College Admissions Scandals: What Ought to be done?  

Accessing to quality education; benefiting from high knowledge from the best professors of the world: who would refuse it when means and opportunity allow? According to the Greek philosopher Aristotle, providing education must be an undisputable duty of every politician, for all citizens aspire to knowledge (Aristotle, trans, 1989). Yet is it worth spending all possible means to justify that one has accessed to education? How to fairly and equitably access to knowledge? Are all kids welcome? Why could the kids from the well-off families study in a poor community college when there are ways to enter into Yale or Stanford? These are some of the questions that provokes me while watching the TV series “The American Greed- The College Admissions Scandal” – Question that preoccupy today’s generation, parents, and educational leaders. Money fix everything. This is our common saying! Yet does money suffice to make student a graduate of the university of his/her predilection? If not, what ought to be done to address the drama into play today? Who is losing, who is gaining amidst of this educational scandal? My short reflection may assess all arising questions. I would rather want to sum up them into two main questions: What are the illegal pathways which have been used, and what are the charges of the wrongdoers? How was the issue to solved?

Tacking this issue, the unusual way of admitting students to universities was done through the so-called: “The Key Worldwide Foundation,” by William Rick Singer. As reports American Greed: College Admissions Scandal (Keach S, 2019), the mastermind accumulated $ 25 millions, by asking $2,500 dollars from each client every year, a sum which helped to break through the gate of the best-known universities. At the first glance, the so-called foundation was viewed as a way of assisting underprivileged families. It was not so. Keach alleges that the foundation was gaining from the well-off families. By requesting a great deal of money from elite parents, Rick Singer succeeded to get admissions of a number of students in the elite universities such as Georgetown University, Yale and Stanford, among others. When a number of universities in the U.S would seek athletic students, Rick Singer bribed university recruiters to consider non-athletic students as athletes. It works today. Through graphic design, one could easily be designed as a pro-swimmer while he/she has never even stepped in pool’s washrooms! The issue was all about using big donations as bribery.  In a state of desperation, searching for quality education for their kids, rich parents including movies star such as has Felicity Huffman, found themselves inside the trap. One would rightly observe these parents have been cooperators in this affair, and the large system of universities did not resist such a temptation.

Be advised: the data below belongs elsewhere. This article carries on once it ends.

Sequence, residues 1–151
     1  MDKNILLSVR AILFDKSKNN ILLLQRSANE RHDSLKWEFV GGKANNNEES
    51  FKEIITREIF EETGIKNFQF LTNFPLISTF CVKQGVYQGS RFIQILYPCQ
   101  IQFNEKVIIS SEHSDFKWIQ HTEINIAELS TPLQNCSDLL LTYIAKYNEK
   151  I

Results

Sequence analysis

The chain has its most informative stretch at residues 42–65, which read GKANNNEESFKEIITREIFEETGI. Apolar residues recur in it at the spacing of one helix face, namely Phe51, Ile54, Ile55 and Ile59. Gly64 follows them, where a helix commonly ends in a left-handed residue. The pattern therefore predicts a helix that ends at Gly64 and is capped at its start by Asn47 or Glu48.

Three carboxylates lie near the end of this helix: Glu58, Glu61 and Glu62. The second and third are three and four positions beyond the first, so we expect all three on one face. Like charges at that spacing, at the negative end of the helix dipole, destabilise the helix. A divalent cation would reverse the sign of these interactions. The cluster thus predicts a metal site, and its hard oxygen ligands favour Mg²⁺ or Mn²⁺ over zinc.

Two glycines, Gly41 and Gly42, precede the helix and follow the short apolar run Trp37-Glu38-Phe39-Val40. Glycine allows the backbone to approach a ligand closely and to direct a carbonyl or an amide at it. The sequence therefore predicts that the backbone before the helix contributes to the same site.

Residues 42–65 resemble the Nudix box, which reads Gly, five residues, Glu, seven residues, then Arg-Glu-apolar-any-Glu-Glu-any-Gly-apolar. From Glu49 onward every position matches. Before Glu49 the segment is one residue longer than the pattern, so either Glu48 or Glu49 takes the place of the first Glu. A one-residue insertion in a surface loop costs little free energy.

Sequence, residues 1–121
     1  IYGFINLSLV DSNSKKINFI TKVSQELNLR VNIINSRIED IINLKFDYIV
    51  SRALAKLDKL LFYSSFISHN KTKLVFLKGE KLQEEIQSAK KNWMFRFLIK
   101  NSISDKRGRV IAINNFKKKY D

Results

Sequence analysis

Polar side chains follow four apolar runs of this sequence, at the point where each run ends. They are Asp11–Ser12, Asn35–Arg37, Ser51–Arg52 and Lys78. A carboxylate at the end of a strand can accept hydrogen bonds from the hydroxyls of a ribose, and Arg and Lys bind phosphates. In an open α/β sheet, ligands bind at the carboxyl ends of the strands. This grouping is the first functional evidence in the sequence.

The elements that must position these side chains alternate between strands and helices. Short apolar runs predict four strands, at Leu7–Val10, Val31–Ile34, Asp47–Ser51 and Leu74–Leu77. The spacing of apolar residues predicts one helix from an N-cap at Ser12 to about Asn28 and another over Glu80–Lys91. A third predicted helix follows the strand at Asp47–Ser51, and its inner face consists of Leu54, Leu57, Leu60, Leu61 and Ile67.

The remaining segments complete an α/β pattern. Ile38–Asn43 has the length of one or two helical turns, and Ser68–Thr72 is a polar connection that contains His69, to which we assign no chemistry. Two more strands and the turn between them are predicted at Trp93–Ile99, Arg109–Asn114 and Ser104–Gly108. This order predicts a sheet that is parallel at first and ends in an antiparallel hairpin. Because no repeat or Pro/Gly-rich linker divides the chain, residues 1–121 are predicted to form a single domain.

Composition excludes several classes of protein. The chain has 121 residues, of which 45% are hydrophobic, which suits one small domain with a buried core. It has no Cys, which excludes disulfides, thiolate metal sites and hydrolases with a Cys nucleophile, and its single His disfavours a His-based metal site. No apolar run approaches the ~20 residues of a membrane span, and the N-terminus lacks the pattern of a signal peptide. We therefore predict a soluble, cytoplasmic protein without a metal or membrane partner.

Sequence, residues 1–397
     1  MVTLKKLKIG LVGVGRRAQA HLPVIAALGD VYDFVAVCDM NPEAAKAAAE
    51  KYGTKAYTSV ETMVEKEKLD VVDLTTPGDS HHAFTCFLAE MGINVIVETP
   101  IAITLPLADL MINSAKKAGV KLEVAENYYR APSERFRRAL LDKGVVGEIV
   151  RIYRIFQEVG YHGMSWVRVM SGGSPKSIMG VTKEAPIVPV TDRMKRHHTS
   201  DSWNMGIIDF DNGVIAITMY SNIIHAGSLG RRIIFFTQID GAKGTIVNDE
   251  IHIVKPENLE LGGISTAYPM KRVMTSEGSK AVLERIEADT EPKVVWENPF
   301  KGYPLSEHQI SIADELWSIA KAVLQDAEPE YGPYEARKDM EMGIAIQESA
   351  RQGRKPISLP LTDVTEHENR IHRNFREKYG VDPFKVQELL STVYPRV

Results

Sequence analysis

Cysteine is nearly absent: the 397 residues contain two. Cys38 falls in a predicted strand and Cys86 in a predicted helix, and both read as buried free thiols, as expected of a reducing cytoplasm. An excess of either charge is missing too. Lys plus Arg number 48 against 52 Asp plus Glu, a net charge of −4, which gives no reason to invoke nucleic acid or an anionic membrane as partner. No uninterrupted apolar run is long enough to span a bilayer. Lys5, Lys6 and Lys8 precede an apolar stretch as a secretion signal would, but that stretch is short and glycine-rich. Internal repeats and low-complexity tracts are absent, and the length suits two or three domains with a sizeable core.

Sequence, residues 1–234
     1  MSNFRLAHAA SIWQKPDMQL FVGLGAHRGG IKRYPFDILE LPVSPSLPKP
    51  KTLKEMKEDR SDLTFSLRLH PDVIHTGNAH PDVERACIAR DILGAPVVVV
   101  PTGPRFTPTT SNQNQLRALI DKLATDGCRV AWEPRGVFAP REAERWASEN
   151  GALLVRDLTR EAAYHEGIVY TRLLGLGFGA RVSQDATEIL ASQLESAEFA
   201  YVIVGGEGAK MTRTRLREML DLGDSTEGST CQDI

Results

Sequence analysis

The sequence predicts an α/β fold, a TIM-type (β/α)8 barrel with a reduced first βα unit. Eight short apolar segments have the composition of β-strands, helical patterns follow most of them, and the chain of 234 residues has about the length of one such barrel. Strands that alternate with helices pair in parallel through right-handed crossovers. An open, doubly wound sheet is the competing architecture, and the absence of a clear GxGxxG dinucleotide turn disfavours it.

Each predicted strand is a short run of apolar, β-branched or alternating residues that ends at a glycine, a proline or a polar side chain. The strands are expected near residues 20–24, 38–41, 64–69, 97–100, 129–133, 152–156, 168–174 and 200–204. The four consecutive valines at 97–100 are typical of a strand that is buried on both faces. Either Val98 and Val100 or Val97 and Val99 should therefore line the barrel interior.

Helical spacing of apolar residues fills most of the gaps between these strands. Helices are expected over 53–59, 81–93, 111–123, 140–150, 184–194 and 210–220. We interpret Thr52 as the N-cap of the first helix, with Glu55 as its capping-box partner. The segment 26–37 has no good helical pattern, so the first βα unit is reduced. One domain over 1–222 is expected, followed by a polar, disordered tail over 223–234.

The fraudulent admissions of some U.S universities could be seen as mirroring social imbalances, a disconnect between students from privileged and underprivileged families. In keeping with what Aristotle proposes as regards to public education, its ethics and politics (Aristotle, trans, 1989), I would underline that:

– All students should be given equal access to quality education, not by the amount of money they provide, but their knowledge, their skills, their competence.

– Legislators should put fair mechanisms and procedures that assist all parents and students to that aim.

– The root cause of the problem could be viewed in a society which put money at the center of education. Money is crucial for our flourishing but it should not be a solution for everything. As long as bribery will infiltrate education, the whole system will lose its power and influence.

-The judiciary should make further investigations to prosecute the wrongdoers. Need also is to differ with educational injustices by talking about it.

– Last but not least, comprehensive reforms in universities are required: that give an inclusive education, knowledge and skills based, not money oriented.


As I look at the magnitude of the issue, the aforementioned propositions may not be enough to solve the problem. What do you think parents and political leaders must do so that the current generation equally and justly access to universities of their dream?



CNBC “The American Greed, The College Admission Scandal”

Barnes, Jonathan, ed. The Complete Works of Aristotle. Rev. ed. Translation, Princeton: Princeton University, Press, 1989.


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